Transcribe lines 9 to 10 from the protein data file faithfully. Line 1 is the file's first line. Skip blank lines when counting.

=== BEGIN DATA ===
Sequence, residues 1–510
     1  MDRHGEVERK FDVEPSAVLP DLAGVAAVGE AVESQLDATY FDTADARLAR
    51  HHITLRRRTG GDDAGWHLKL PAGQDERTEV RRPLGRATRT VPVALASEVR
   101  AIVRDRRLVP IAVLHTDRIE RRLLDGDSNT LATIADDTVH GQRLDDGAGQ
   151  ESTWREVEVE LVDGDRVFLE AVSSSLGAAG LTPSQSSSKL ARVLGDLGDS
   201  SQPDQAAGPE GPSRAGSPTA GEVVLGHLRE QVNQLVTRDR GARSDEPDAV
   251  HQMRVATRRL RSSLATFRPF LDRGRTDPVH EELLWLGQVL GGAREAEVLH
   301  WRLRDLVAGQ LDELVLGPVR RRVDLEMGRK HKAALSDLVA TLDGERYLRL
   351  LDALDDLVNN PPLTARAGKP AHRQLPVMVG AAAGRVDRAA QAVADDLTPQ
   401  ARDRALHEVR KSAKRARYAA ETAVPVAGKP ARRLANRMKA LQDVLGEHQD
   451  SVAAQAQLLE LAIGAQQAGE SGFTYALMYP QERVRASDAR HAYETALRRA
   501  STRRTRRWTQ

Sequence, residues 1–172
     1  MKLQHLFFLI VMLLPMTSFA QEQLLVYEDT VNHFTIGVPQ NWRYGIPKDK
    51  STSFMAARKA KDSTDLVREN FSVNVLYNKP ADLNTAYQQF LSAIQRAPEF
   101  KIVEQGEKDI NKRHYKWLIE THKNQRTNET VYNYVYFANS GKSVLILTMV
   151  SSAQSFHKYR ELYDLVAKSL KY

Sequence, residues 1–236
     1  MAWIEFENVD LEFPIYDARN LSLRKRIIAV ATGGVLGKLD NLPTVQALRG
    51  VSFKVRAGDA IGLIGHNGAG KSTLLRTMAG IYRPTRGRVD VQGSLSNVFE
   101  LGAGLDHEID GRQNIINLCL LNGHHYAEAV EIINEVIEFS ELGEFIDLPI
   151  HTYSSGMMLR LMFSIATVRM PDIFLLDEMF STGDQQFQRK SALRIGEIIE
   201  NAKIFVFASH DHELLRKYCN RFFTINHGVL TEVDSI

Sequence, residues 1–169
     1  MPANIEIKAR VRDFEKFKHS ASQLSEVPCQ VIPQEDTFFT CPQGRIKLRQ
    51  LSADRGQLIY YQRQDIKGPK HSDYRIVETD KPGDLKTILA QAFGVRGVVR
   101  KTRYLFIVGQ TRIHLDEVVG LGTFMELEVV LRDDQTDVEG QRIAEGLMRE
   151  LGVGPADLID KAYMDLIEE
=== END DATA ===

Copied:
   351  LDALDDLVNN PPLTARAGKP AHRQLPVMVG AAAGRVDRAA QAVADDLTPQ
   401  ARDRALHEVR KSAKRARYAA ETAVPVAGKP ARRLANRMKA LQDVLGEHQD